Let teachers assess the needs of students so that these results can tell us what we need. It is not the place of outsiders to make one-size-fits-all mandates to a world of different shapes and proportions. In doing so, they create an atmosphere where pebbles are polished and diamonds dimmed.—
An anonymous teacher from Maryland who is leaving her profession because she feels education policy makes her work ineffective at best and damaging at worst, in an article tragically titled, "I would love to teach but…" (via hipsterlibertarian)
This entire essay is phenomenal. The modern education system is bankrupt practically, philosophically, and bureaucratically.
There’s also something unhinged about framing a strike by government employees as a “grass-roots fight against the plutocracy.” The teachers union’s adversary is the taxpayers, not just rich ones; and the victims of the strike are parents who don’t have enough money to live in the suburbs or send their children to private schools. That excludes many of the teachers themselves. As Breitbart.com’s Dana Loesch notes, a study a few years ago found 39% of Chicago Public School teachers send their own kids to private schools.— James Taranto
Even as the once-mighty University of California system slashes programs and raises tuition, it has created a new system-wide “vice chancellor for equity, diversity, and inclusion.” This is on top of the already enormous University of California diversity machine, which, as Heather Mac Donald notes, “includes the Chancellor’s Diversity Office, the associate vice chancellor for faculty equity, the assistant vice chancellor for diversity, the faculty equity advisors, the graduate diversity coordinators, the staff diversity liaison, the undergraduate student diversity liaison, the graduate student diversity liaison, the chief diversity officer, the director of development for diversity initiatives, the Office of Academic Diversity and Equal Opportunity, the Committee on Gender Identity and Sexual Orientation Issues, the Committee on the Status of Women, the Campus Council on Climate, Culture and Inclusion, the Diversity Council, and the directors of the Cross-Cultural Center, the Lesbian Gay Bisexual Transgender Resource Center, and the Women’s Center.”—
Glenn Reynolds, The Higher Education Bubble
This would be funny if it weren’t so pathetic.
The past 40 years or so have seen an explosion in the higher education industry as colleges and universities have marketed themselves as, among other things, providers of job-hunting licenses, producers of “leaders” and sellers of indulgences for racial sins. Government subsidies have created an enormous artificial demand, driving prices higher, and the quality of education has declined as institutions came to focus on things other than the intrinsic value of learning. We are not the first to observe that this looks like another economic bubble. It would be a lovely irony if it burst during the presidency of a man who is so much a creature of the faculty lounge.— James Taranto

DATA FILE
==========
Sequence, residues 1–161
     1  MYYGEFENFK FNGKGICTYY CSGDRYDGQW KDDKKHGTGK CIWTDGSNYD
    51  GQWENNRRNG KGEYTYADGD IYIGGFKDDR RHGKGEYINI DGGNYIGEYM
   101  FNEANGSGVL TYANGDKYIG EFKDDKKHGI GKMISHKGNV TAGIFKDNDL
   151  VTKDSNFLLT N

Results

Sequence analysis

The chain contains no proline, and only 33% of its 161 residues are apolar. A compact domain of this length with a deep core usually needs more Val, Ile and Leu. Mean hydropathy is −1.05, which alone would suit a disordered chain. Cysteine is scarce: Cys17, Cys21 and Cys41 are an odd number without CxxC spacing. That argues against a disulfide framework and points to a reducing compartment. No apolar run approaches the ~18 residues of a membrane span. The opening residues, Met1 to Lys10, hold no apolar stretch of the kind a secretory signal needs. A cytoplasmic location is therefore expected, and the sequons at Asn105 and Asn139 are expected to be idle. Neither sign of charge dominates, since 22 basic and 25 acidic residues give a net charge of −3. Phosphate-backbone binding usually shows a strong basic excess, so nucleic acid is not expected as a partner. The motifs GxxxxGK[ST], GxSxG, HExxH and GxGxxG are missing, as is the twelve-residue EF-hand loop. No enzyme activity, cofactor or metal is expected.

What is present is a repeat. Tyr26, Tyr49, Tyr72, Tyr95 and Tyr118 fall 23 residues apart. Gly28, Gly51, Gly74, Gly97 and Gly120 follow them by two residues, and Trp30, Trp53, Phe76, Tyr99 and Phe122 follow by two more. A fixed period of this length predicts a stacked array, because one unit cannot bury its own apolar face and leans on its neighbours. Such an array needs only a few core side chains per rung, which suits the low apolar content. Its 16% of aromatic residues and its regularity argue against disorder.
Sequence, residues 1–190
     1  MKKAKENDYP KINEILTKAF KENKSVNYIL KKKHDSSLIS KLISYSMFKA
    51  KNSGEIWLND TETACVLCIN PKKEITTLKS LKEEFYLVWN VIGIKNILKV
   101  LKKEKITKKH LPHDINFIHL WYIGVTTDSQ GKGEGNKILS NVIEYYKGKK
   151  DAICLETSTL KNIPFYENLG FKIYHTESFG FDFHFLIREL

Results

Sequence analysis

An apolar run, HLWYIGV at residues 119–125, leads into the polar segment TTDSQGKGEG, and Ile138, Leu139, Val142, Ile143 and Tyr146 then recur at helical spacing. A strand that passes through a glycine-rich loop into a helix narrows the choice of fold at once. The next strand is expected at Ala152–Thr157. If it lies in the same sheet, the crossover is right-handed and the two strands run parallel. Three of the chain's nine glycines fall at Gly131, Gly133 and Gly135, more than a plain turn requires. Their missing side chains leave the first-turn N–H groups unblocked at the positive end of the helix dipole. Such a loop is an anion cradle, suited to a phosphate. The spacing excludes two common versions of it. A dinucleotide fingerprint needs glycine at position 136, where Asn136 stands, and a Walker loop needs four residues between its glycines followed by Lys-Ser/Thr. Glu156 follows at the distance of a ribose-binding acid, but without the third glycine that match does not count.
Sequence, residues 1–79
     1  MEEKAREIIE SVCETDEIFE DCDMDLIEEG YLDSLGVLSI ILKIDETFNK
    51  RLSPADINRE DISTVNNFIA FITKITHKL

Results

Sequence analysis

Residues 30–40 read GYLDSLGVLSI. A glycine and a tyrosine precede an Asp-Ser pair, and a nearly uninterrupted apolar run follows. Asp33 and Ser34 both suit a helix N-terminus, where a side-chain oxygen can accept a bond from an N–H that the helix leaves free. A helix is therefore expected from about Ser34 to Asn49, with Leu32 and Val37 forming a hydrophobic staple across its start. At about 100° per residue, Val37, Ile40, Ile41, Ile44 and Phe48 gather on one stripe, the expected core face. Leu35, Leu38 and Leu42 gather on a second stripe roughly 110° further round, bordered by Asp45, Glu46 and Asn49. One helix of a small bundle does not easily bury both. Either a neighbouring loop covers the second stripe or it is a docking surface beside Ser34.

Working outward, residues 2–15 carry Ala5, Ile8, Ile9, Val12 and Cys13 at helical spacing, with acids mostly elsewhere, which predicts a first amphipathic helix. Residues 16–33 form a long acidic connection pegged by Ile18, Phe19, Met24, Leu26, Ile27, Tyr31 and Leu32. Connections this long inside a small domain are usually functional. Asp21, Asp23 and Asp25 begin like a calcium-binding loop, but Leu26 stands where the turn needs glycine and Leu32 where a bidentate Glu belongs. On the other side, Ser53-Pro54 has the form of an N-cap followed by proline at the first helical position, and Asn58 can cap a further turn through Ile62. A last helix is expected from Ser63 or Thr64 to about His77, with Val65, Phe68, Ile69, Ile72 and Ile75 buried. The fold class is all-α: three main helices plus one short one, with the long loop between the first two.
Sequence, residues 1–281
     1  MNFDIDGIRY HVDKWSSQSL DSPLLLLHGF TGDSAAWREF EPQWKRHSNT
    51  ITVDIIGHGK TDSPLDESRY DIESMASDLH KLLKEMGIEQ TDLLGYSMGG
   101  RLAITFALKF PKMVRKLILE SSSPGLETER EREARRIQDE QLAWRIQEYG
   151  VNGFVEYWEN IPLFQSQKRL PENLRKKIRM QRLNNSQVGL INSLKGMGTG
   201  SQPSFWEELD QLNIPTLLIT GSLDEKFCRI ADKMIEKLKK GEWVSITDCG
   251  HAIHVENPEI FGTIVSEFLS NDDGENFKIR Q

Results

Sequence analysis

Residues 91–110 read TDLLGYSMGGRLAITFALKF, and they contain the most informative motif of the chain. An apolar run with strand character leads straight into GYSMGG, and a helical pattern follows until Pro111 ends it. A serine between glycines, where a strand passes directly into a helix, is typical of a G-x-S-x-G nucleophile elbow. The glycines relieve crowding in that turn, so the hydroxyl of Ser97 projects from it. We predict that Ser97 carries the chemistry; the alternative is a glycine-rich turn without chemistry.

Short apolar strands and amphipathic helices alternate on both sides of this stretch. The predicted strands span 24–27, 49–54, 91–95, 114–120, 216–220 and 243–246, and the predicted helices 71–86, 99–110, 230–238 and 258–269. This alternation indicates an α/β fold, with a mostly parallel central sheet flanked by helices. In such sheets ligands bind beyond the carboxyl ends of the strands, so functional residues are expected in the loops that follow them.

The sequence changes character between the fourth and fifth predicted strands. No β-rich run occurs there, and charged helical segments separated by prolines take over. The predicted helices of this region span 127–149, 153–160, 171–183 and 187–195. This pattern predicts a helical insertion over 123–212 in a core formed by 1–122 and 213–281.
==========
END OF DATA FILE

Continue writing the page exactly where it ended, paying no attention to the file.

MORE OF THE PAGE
College costs a lot. I teach at BC, where a year’s tuition, fees, room, and board currently add up to $52,624. What are the students paying for? What can’t they get online for free? In my end of the academy, the humanities, it comes down to one thing, in essence: the other people in the room, teachers, and fellow students. We can debate whether that’s worth the price tag, and we can debate the relative value of lectures and seminars (I think the best mix in the humanities is some of the former and a lot of the latter), but you’re paying for the exclusive company of fellow thinkers who made it through the screening processes of admissions and faculty hiring. That’s it. You can get everything else online, and you can of course do the reading on your own.
Your money buys you the opportunity to pay attention to the other people on campus and to have them pay attention to you — close, sustained, active, fully engaged attention, undistracted by beeps, chimes, tweets, klaxons, ring tones, ads, explosions, continuous news feeds, or other mind-jamming noise. You qualify for admission, you pay your money, and you get four years — maybe the last four years you’ll ever get — to really attend to the ideas of other human beings, thousands of years’ worth of them, including the authors of the texts on the syllabus and the people in the room with you.
You can spend the rest of your life surfing the web, emailing, texting. You’ve got one shot at college. So, at least until the novelty wears off (probably not in my lifetime), that means no laptops in my classroom.
I’ve had this identical thought recently. Sure, I can go and read classic works of literature and philosophy for free—and I’m sure I’d learn something. But the real gold nuggets in education, the stuff you really learn, comes from being in a group of serious people and soaking in the content together, digesting it together, engaging it together. How many insights would I have missed had I studied alone? That is the beauty of the college experience.